Governor Michelle Lujan Grisham has promised to create an Office of Outdoor Recreation this legislative session within the Department of Economic Development. If passed by legislators, the Outdoor Equity Fund would also be created—the only fund of its kind in the nation that would be designed to spur the development of New Mexico’s next generation of conservationists.

The Outdoor Equity Fund would live alongside the Office of Outdoor Recreation and be administered by the Youth Conservation Corps for the sole purpose of serving underserved youth up to age 18 in our urban, rural, and Native American communities. 

The Fund asks for an initial appropriation of $100,000 from the state, and it invites private industry, foundations, individual donors, and outdoor retailers to pitch in, too. From there, microgrants would be disbursed to local governments—cities, counties, villages, and towns—as well as nonprofit organizations and Native American communities to help power programs that serve at least a 40 percent low-income youth population.

These microgrants, although small, can have big impacts on underserved groups. They can mean the difference between buying 20 tents for a camping trip or having to sleep outside. They can mean the difference between buying kids fishing poles or having them stand on the dock watching other families fish. They can mean the difference between visiting a local park or national forest or staying home because there’s not enough transportation money in the family budget.

The Outdoor Equity Fund can help transform the youth of our state. We can create communities with leaders who care about our climate, air, water, environment, wildlife, and natural resources. But first we must get them outside.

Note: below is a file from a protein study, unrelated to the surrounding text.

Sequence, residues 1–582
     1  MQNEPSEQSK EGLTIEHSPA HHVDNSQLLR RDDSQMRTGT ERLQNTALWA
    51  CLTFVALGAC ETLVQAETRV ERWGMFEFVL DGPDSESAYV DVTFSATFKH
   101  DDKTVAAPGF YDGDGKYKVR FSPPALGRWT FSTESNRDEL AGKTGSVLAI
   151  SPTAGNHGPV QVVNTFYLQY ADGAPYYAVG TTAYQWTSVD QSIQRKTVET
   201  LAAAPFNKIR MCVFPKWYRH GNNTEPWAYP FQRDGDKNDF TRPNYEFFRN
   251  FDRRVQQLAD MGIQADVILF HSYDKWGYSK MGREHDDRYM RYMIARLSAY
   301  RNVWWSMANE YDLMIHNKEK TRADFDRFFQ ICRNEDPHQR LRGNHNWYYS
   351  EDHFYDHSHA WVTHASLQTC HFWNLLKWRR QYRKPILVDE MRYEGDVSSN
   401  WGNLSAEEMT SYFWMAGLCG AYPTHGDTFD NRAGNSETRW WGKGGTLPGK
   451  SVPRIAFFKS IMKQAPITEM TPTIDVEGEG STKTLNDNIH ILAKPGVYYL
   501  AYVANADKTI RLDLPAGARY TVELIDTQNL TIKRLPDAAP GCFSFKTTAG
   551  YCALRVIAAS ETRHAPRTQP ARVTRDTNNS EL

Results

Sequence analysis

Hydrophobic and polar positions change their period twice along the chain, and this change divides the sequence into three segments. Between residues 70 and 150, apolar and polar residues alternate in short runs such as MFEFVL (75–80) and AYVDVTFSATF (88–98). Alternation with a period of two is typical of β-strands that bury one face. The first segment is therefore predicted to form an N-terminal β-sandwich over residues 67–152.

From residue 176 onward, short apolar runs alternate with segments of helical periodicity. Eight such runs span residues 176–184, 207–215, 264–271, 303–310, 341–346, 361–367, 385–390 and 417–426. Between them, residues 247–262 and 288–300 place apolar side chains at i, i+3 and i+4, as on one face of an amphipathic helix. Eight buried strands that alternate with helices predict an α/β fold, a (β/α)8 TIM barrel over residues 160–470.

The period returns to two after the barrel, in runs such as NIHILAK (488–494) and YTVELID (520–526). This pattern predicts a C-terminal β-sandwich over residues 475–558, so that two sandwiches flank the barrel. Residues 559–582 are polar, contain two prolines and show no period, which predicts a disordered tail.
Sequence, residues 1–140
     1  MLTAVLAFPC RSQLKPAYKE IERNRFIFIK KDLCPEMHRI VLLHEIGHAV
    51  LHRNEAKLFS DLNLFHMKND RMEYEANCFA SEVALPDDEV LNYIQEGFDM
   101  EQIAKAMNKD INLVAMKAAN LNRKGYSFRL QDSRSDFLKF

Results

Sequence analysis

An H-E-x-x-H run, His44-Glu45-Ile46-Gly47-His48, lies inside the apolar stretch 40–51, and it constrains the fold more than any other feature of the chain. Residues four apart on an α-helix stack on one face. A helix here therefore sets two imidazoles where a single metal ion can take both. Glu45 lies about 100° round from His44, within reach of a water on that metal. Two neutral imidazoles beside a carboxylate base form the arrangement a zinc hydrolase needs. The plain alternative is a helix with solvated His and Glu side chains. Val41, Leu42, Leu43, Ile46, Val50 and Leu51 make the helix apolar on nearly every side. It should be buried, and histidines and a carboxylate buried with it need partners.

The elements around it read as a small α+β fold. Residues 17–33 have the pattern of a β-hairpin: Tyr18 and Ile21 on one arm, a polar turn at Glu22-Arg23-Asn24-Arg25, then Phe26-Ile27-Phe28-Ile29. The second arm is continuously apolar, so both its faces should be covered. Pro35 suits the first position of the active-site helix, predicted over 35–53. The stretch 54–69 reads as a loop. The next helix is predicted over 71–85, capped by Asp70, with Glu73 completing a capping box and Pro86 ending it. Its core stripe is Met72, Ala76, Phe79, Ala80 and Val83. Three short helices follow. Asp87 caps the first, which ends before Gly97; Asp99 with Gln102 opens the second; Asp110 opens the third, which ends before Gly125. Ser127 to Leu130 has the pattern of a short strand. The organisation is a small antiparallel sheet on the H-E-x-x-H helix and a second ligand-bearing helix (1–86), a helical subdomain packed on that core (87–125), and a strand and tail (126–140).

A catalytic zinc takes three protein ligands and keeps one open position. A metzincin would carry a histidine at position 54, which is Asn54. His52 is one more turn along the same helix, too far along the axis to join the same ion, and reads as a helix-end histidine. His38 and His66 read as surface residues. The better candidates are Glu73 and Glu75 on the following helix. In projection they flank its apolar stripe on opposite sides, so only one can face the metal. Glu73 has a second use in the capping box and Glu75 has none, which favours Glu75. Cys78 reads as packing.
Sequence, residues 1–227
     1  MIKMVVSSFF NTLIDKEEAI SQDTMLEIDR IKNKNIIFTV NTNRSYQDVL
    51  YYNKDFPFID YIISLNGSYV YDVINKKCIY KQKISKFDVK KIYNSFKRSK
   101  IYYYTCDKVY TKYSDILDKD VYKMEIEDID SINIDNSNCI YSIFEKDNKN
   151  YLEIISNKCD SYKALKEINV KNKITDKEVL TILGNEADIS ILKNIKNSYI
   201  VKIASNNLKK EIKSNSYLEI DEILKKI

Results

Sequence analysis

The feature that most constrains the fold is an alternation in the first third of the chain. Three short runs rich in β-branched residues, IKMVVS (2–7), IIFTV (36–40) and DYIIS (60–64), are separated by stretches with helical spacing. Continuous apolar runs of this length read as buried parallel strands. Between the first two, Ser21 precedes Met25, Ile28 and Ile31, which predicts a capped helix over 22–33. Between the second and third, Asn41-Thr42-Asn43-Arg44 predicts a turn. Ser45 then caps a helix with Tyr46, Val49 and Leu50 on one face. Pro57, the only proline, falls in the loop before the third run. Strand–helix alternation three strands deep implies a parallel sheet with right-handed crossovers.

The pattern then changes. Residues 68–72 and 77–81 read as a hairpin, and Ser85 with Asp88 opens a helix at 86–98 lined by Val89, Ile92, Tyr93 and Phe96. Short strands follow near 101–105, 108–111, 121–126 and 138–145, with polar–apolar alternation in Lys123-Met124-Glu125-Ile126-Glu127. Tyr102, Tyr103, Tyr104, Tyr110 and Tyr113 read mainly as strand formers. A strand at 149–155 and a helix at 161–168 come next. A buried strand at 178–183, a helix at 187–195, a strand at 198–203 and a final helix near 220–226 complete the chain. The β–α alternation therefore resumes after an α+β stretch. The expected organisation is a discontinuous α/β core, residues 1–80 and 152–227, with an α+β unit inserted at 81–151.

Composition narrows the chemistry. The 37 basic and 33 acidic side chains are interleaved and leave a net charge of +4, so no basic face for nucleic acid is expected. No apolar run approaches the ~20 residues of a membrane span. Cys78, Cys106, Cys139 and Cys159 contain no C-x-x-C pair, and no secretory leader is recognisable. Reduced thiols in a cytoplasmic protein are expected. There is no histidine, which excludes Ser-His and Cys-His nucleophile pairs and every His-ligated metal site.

Outdoor-recreation careers are numerous in New Mexico, with more growth expected with the creation of the Office of Outdoor Recreation. Kids from Deming, EspaƱola, Farmington, and Santo Domingo Pueblo can be our future forest rangers, wildlife biologists, soil scientists, and fishing guides. But first we must invest in the next generation as much as we’re investing in tourists and retailers.

The benefits of going and playing outside are many—from mental and physical health gains to building community to learning outdoor skills to understanding the natural world and the impacts of a changing climate.

When New Mexico takes care of its youth, it takes care of its future. When we see the hands of many colors, communities, and income levels raised to those pink, purple, and orange skies and truly see the Land of Enchantment reflected on the horizon, then we can be proud of what the Zia symbol represents and all that it means for our kids.

We strongly encourage leaders in other states to create their own Outdoor Equity Funds. Come visit us here in the Land of Enchantment to see how sustainable, ethical outdoor recreation really gets done.

Stephanie Garcia Richard is the commissioner of public lands for New Mexico. Angelica Rubio is a representative for the state. Both women are from southern New Mexico.

Filed To: New MexicoFishingKidsWildlifeEnvironmentSanta FeBikingConservation
Lead Photo: Mobilus In Mobili/Flickr